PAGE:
135. 135.
    Ulmer JL, Hacein-Bey L, Mathews VP, Mueller WM, DeYoe EA, Prost RW, Meyer GA, Krouwer HG, Schmainda KM (2004) Lesion-induced pseudo-dominance at functional magnetic resonance imaging: implications for preoperative assessments. Neurosurgery 55: 569–579PubMedCrossRefGoogle Scholar
  136. 136.
    Vigneau M, Beaucousin V, Herve PY, Duffau H, Crivello F, Houde O, Mazoyer B, Tzourio-Mazoyer N (2006) Meta-analyzing left hemisphere language areas: phonology, semantics, and sentence processing. Neuroimage 30: 1414–1432PubMedCrossRefGoogle Scholar
  137. 137.
    Vives KP, Piepmeir JM (1999) Complications and expected outcome of glioma surgery. J Neurooncol 42: 289–302PubMedCrossRefGoogle Scholar
  138. 138.
    von Monakow C (1914) Die lokalisation im groshirn un der abbau der funktion durch kortikale herde. Bergman JF, Wiesbaden, Germany, pp 26–34Google Scholar
  139. 139.
    Walbran BB (1976) Age and serial ablations of somatosensory cortex in the rat. Physiol Behav 17: 13–17PubMedCrossRefGoogle Scholar
  140. 140.
    Walker DG, Kaye AH (2003) Low grade glial neoplasms. J Clin Neurosci 10: 1–13PubMedCrossRefGoogle Scholar
  141. 141.
    Weiller C, Ramsay SC, Wise RJ, Friston KJ, Frackowiak RS (1993) Individual patterns of functional reorganization in the human cerebral cortex after capsular infarction. Ann Neurol 33: 181–189PubMedCrossRefGoogle Scholar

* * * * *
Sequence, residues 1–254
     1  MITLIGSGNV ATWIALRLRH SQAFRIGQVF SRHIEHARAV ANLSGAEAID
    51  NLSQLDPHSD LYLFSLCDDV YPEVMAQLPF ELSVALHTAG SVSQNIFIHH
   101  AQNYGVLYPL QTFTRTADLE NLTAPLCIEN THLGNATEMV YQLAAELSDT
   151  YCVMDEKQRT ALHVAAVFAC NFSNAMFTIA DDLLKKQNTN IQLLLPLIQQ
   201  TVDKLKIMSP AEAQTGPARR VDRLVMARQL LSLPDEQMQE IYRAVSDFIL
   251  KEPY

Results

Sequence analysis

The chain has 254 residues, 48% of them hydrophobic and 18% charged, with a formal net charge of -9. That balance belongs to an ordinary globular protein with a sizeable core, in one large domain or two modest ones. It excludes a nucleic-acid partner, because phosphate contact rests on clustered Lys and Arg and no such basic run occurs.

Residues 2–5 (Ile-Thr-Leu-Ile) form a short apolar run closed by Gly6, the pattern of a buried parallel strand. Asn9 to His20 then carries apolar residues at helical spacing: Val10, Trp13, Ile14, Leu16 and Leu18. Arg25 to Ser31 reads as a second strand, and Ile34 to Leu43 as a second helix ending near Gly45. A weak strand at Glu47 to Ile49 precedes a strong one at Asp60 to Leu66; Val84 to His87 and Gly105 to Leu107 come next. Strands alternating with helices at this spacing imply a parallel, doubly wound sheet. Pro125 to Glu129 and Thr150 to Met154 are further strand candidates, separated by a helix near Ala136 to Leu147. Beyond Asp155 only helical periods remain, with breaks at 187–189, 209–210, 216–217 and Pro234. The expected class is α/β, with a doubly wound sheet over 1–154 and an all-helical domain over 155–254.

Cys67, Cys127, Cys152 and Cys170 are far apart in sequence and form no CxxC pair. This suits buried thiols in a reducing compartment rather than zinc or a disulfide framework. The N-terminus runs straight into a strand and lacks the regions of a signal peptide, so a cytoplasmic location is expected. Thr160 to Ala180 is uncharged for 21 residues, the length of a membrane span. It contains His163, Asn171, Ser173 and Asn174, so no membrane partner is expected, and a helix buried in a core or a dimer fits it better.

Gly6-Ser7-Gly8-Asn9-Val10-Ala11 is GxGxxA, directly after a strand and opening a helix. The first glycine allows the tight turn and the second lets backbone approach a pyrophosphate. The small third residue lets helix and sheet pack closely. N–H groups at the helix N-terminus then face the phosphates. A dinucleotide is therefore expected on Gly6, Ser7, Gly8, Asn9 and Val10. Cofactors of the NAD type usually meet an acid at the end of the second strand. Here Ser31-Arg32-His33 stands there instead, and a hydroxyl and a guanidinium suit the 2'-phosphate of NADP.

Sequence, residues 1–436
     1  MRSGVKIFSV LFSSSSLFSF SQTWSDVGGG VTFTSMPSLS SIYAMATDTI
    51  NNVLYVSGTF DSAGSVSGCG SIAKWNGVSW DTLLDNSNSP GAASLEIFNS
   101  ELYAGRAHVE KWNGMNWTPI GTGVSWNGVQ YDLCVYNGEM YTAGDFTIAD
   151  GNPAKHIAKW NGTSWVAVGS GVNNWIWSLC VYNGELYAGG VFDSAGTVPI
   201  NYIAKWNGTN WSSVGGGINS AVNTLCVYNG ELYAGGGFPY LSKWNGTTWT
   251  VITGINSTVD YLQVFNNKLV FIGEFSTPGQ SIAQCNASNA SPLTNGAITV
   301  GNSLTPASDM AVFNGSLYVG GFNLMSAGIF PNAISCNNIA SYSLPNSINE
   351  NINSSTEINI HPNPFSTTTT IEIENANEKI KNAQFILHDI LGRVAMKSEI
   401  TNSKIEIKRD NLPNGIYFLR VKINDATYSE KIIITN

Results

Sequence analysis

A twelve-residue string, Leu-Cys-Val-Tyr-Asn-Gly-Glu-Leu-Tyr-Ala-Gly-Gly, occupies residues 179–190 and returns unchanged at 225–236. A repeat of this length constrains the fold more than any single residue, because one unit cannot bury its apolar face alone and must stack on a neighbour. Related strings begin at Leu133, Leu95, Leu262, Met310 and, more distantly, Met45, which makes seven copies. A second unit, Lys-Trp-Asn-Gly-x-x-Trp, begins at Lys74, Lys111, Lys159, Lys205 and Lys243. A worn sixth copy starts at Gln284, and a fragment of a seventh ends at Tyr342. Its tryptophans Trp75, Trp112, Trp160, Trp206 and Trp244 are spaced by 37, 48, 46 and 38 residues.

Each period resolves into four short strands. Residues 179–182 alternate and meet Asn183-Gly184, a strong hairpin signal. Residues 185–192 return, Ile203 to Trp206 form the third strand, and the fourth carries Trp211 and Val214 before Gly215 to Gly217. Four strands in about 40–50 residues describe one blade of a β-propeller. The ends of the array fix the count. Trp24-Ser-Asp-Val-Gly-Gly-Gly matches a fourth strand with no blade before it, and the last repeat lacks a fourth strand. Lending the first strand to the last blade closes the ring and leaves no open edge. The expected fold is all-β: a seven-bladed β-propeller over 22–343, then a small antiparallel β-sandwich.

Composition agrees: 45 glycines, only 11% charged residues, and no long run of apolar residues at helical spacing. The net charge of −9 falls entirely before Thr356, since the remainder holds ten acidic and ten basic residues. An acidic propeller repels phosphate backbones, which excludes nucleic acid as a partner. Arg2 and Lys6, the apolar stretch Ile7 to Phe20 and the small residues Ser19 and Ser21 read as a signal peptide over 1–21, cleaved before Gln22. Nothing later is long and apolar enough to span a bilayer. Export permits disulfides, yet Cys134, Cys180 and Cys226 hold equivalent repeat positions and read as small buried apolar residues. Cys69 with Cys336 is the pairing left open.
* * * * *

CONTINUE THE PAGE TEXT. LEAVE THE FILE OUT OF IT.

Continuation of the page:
142. 142.
    Weiller C (1998) Imaging recovery from stroke. Exp Brain Res 123: 13–17PubMedCrossRefGoogle Scholar
  143. 143.
    Wessels PH, Weber WE, Raven G, Ramaekers FC, Hopman AH, Twijnstra A (2003) Supratentorial grade II astrocytoma: biological features and clinical course. Lancet Neurol 2: 395–403PubMedCrossRefGoogle Scholar
  144. 144.
    Xerri C (1998) Post-lesional plasticity of somatosensory cortex maps: a review. C R Acad Sci III 321: 135–151PubMedGoogle Scholar
  145. 145.
    Xerri C, Merzenich MM, Peterson BE, Jenkins W (1998) Plasticity of primary somatosensory cortex paralleling sensorimotor skill recovery from stroke in adult monkeys. J Neurophysiol 79: 2119–2148PubMedGoogle Scholar
  146. 146.
    Xerri C, Zennou-Azogui Y (2003) Influence of the postlesion environment and chronic piracetam treatment on the organization of the somatotopic map in the rat primary somatosensory cortex after focal cortical injury. Neuroscience 118: 161–177PubMedCrossRefGoogle Scholar
  147. 147.
    Yasargil MG, van Ammon K, Cavazos E, Doczi T, Reeves JD, Roth P (1992) Tumours of the limbic and paralimbic systems. Acta Neurochir (Wien) 118: 40–52CrossRefGoogle Scholar
  148. 148.
    Zentner J, Hufnagel A, Pechstein U, Wolf HK, Schramm J (1996) Functional results after resective procedures involving the supplementary motor area. J Neurosurg 85: 542–549PubMedCrossRefGoogle Scholar

Copyright information

© Springer-Verlag/Wien 2008

Authors and Affiliations

  • H. Duffau
    • 1
    • 2
  1. 1.Department of Neurosurgery, Hôpital Gui de ChauliacCHU de MontpellierMontpellier CedexFrance
  2. 2.Laboratoire de Psychologie et Neurosciences Cognitives (CNRS FRE 2987/Université de Paris V René Descartes)Institut de PsychologieBoulogne BillancourtFrance

Personalised recommendations